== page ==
Smart as Paint
We’ve been painting the lodges outside lately, in between bookings. It’s going well (for me anyway as I’m not doing the painting). I’ve roped in two unsuspecting Ragged Trousered Philanthropists to help, but sometimes there are more; it depends on who else is around that can be bothered.
Jake being an arty soul, decided that before he swans off to Camp America for the bulk of the Summer, he would start painting the windows of each lodge a different colour – Skandi style (or Tobermory style depending on your age and affiliation). Imagine my surprise when I returned from somewhere important to discover Lodge number 1 was painted … lilac. Yes, lilac! “Is it too much?” asks Jake, which must have been a rhetorical question. I could hardly look at it without my sunglasses. Even with eyes tight shut, there was still a purplish aura. I went off to lie down in a dark room for a while, thinking it might be a bad dream. It wasn’t.
Next up … Green, normally my favourite colour. While the green was going on, the brown was also going on – on the cedar wood walls. I understand that painting a brown lodge brown must be a little dull, and the boys have done a sterling job coping with the brown-ness of it all. It seems that the thought of another colour around the windows and eves generates just enough excitement to motivate them on to the next lodge. We’re using Butinox woodstain on the cedar wood and Sadolin Superdec on the windows and eves. We get our paint from Bannerman Colour Studio, Perth,
I have explained to the boys that using their time while painting, to reflect on life in general, is a luxury that most working people do not have. So they are lucky. Often people have Eureka moments while carrying out some mundane rhythmical task. I do not consider the lilac lodge to be such a moment. That would come under the category ‘mistake’.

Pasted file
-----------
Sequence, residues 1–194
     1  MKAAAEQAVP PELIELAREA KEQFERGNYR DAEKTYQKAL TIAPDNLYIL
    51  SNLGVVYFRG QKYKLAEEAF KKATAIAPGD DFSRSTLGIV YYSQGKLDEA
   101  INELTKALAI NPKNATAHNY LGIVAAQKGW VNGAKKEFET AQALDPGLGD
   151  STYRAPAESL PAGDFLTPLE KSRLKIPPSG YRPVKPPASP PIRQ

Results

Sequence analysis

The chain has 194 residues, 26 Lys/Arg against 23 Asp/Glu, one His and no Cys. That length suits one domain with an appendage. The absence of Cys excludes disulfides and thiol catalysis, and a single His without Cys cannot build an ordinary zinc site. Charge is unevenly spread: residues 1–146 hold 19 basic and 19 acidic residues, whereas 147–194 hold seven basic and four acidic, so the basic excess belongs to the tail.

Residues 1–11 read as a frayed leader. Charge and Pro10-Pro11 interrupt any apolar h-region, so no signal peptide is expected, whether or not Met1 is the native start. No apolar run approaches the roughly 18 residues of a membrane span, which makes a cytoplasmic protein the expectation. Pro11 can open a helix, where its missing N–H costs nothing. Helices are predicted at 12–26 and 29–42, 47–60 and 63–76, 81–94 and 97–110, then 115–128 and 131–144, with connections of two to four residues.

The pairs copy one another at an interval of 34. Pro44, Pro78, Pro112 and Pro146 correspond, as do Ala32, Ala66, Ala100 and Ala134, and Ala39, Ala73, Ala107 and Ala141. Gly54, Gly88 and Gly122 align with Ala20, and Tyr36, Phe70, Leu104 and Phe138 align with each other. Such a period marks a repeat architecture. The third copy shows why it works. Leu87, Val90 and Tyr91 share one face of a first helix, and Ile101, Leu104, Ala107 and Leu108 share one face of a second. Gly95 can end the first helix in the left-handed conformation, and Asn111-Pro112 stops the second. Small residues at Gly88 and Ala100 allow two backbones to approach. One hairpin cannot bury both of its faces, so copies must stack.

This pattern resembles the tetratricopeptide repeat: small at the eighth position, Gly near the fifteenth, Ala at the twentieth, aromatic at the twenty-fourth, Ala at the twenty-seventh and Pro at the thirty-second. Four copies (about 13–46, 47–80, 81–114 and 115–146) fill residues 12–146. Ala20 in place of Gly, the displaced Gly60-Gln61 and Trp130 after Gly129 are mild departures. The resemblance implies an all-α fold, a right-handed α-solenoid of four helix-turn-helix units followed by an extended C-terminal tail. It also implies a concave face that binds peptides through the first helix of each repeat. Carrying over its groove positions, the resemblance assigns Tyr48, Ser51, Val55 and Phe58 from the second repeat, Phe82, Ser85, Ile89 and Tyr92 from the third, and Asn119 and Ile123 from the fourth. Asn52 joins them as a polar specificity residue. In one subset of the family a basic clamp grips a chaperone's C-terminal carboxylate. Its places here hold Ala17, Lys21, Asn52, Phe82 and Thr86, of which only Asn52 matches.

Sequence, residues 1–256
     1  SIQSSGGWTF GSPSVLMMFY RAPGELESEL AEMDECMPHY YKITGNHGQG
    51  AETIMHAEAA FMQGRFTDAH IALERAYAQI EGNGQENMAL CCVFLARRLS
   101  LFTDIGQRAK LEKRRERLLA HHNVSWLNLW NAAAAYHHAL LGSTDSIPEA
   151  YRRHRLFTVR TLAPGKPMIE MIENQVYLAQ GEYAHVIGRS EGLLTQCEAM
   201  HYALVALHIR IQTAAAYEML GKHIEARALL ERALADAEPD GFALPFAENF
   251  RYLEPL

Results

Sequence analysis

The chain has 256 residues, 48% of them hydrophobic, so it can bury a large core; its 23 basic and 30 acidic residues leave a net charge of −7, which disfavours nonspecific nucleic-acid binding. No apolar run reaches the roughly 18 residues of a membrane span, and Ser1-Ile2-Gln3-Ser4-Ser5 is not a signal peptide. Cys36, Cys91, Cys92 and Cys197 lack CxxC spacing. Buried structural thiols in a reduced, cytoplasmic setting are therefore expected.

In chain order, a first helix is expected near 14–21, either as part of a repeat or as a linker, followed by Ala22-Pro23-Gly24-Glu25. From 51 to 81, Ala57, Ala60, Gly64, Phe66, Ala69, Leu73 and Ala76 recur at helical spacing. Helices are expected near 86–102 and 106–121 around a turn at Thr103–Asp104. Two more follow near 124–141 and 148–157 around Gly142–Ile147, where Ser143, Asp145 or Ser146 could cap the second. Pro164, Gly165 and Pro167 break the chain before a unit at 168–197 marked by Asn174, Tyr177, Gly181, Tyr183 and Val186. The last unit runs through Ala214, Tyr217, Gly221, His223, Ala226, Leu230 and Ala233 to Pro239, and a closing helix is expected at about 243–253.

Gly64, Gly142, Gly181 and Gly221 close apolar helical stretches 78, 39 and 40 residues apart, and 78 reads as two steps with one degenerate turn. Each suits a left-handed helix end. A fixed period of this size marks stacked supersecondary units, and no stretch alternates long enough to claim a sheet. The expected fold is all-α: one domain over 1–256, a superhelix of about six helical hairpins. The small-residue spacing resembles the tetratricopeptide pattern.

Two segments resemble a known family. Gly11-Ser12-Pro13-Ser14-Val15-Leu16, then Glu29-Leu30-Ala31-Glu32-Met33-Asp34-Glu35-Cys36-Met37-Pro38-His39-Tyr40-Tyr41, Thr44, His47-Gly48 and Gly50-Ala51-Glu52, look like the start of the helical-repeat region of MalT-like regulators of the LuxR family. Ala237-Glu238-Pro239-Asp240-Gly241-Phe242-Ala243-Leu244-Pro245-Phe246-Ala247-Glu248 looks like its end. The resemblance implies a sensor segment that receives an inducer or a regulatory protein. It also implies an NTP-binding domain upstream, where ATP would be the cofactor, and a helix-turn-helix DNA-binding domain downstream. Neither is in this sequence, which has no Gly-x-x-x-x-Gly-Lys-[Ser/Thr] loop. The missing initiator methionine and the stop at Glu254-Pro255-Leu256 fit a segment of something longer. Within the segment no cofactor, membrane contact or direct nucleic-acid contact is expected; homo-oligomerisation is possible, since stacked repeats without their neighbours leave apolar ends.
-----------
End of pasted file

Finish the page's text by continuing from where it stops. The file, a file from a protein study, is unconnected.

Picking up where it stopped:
Earlier this week, we were invited to Lodge 2 (the green lodge) pour prendre un aperitif avec notre visiteurs de France. We were enjoying some refreshment and nodding and gesticulating to each other in lieu of actual understanding, when a cry went up (such a curious expression). But a cry did indeed go up. It was the boys who were raising the alarm because the goats had escaped. The cockerels and hens joined in the general mayhem, making a racket. Archie had cleared the fence in one bid for freedom. Jock followed swiftly after and poor Tim, who is too fat and too slow, could only watch in envy as Jock and Archie munched their way through his favourite shrub. Princess Iona came bursting into our petite soiree in her jimjams yelling, “les chevres, les chevres ils sont echappe” or something similar.
We were trying to give the impression to our French friends that we are a normal family. It was important to stay calm and to keep the Anglo Saxon words and gesticulations to a minimum. This was achieved with limited success. Meanwhile our friends were taking photos and generally enjoying the ensuing chaos – luckily. With teamwork and bribery we were able to lure the goats back to their enclosure and we went back to The Green Lodge for more wine, which strangely improved my French. It didn’t improve John’s French – John continued to speak Shetland, merely missing out words in an attempt to sound French. At some point we need to add another bar to the top of the fence…
Back to the lodges … actually the lilac is growing on me, metaphorically speaking. This is how the lodges are looking so far:
I took this about 6am today. will try to get a (much) better photo.
More later. At least I hope there’s more later; although there’s every chance that this is where it ends with the Ragged Trousered Philanthropists running out of steam and us running out of paint and the lodges becoming fully booked making painting impossible. Ah well! There’s always that case of wine that our very good friends from France brought while